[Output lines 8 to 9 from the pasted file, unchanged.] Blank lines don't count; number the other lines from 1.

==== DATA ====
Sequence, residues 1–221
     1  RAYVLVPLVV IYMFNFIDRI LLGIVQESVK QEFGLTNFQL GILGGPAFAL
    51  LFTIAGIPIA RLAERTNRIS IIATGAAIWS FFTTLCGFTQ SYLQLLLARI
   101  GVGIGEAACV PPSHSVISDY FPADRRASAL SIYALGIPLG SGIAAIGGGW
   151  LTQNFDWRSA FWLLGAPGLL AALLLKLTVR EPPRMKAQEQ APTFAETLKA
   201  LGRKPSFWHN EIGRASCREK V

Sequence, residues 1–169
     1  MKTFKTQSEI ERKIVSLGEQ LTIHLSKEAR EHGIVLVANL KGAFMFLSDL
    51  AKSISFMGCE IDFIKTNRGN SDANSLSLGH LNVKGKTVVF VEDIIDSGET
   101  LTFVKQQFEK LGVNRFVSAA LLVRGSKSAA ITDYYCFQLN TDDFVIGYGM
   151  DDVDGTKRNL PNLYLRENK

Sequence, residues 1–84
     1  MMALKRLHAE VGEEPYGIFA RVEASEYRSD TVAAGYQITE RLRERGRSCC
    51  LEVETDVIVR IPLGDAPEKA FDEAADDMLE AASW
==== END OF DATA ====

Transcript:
     1  MKTFKTQSEI ERKIVSLGEQ LTIHLSKEAR EHGIVLVANL KGAFMFLSDL
    51  AKSISFMGCE IDFIKTNRGN SDANSLSLGH LNVKGKTVVF VEDIIDSGET